What is Leaving Your Job Worth?
If we’ve heard it once, we’ve heard it a thousand times over the past year: we’re in the midst of “The Great Resignation.”
The coronavirus pandemic brought about a shift in the way we approach our lives and think about our careers. Adjusting to the new paradigms of work-from-home, and now, return-to-work, have made many of us take a second look at what, exactly, it is that we’re doing for 40+ hours a week.
If you are in the throes of an existential career crisis, taking the following considerations into account when you’re thinking about switching to a new job, field, industry, or entirely new career path, could help you frame out exactly what you might be looking for:
Tangibles vs. Intangibles
The first step is to break down any new career opportunity into its component parts.
Of course, there are the tangible aspects: the pay, the benefits, the technology you’ll be working with, whether you need to be remote or physically in the office, and location.
Next, it’s important to identify the intangibles: what are the other, less quantifiable, aspects of a potential role? These could include culture or work environment, team structure, relationships with bosses or coworkers, professional development opportunities, social or networking opportunities, and a myriad of other items that make a job worth having to you.
Then, identify differences and similarities – and prioritize them.
When you’re looking for a new job, it’s sometimes helpful to think about the things that you don’t want to change. What quality of life do you want to have, and what type of career can provide that for you? What are your non-negotiables?
Then, you can start to think about what does need to change: maybe you want to relocate, maybe you’re looking for an entirely different culture (i.e. startup versus corporate), or maybe you’re looking to work in a role that’s completely different from anything you’ve done before in subject matter, but similar in pay, benefits, and environment.
At the end of the day, choosing any new role – or new career path – comes down to what you want to prioritize.
In short, what makes a new job “worth it” to you?
We often get so excited by the thrill (and ego boost) of being offered another opportunity, that we don’t think before we take the leap – or, if you’re like me, you get career FOMO and don’t want to regret taking an opportunity that’s offered
Here’s the hard truth: unless you receive an opportunity that truly is too good to refuse (of course, what constitutes a “dream job” is up to you), most new opportunities will offer pretty incremental change from your current situation.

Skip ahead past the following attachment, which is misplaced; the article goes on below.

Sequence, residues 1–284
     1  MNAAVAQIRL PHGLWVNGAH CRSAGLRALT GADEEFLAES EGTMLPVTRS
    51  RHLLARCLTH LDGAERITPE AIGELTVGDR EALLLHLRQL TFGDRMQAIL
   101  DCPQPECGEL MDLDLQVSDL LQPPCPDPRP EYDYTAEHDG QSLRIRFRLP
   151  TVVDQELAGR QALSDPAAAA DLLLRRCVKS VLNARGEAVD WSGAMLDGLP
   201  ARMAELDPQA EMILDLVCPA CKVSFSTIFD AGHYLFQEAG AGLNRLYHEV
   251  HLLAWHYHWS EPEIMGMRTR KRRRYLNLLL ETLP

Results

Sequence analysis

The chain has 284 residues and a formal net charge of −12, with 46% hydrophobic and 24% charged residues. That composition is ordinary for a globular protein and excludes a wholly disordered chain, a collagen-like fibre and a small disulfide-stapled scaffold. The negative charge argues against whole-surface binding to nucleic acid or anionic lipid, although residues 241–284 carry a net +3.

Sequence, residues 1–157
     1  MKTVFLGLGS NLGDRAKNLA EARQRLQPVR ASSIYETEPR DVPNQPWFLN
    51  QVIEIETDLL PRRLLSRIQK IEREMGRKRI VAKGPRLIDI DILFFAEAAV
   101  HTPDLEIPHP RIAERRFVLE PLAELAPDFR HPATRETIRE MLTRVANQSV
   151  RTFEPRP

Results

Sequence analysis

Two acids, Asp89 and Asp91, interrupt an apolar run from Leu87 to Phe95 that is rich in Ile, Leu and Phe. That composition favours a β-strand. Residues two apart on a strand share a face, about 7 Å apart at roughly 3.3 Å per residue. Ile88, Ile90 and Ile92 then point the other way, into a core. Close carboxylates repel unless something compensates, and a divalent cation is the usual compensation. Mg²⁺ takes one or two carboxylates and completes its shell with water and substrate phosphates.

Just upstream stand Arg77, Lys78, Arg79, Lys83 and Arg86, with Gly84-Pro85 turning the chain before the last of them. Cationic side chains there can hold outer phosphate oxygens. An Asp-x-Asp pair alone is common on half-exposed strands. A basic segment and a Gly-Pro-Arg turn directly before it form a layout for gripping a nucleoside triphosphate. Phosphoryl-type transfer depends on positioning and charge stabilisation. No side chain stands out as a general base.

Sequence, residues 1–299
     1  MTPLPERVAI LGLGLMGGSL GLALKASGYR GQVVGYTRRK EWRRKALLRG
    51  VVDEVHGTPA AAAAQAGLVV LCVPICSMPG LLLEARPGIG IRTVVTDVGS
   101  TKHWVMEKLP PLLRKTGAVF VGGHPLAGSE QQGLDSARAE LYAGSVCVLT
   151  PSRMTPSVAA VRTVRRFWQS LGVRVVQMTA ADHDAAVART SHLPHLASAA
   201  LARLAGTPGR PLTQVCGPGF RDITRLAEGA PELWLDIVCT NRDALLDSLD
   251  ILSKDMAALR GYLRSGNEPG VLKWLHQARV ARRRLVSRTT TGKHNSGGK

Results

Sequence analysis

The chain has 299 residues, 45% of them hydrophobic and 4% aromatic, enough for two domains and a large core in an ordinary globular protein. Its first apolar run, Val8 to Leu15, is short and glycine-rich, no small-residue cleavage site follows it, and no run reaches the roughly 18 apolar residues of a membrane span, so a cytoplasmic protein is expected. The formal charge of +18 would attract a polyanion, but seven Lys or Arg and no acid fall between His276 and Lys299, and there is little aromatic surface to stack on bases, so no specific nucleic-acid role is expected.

In fact, you likely could negotiate a similar pay or responsibility increase in your current role, using leverage from your offer.
If the “tangibles” – the pay, the title, even the benefits like retirement, insurance, and paid family leave – are similar across the organizations you’re considering, then all you’re left with to consider are the intangibles: work-life balance, culture and environment, and opportunities for growth, learning and development.
And especially in the midst of this time we’re in now, it’s important to consider exactly what intangibles are most important to you – and what they’re worth. Would you trade a better work-life balance for a slight decrease in pay? Would you take a more junior-level role in a completely new field that offers more opportunities for growth and development?
The jungle gym career
At the end of the day, we choose our career paths by making a series of tradeoffs. Is being a Director more important than working in an environment where you’re able to come and go as you please? Is the opportunity to travel “worth” sacrificing a $10,000 pay raise? Alternatively, is the chance to pay off your student debt with a significant raise more important than, perhaps, needing to love what you do every day?
The best piece of advice I ever received was to think about your career as a jungle gym, not a ladder. You can go up, but you can also go down, around, and to entirely new rungs – without falling off.
If you don’t take an opportunity that offers more pay and a better title, you’ve done nothing wrong. In fact, you’ve done something RIGHT – you’ve made a decision that takes into account what you prioritize.
This time offers us the unique and unprecedented opportunity to re-evaluate where we are in our careers and re-define what we want our lives to look like as we emerge from this pandemic. Prioritizing what’s important to you, and removing judgement by thinking about your career as a jungle gym rather than a ladder, are important steps to take as you evaluate what’s “worth it” to you.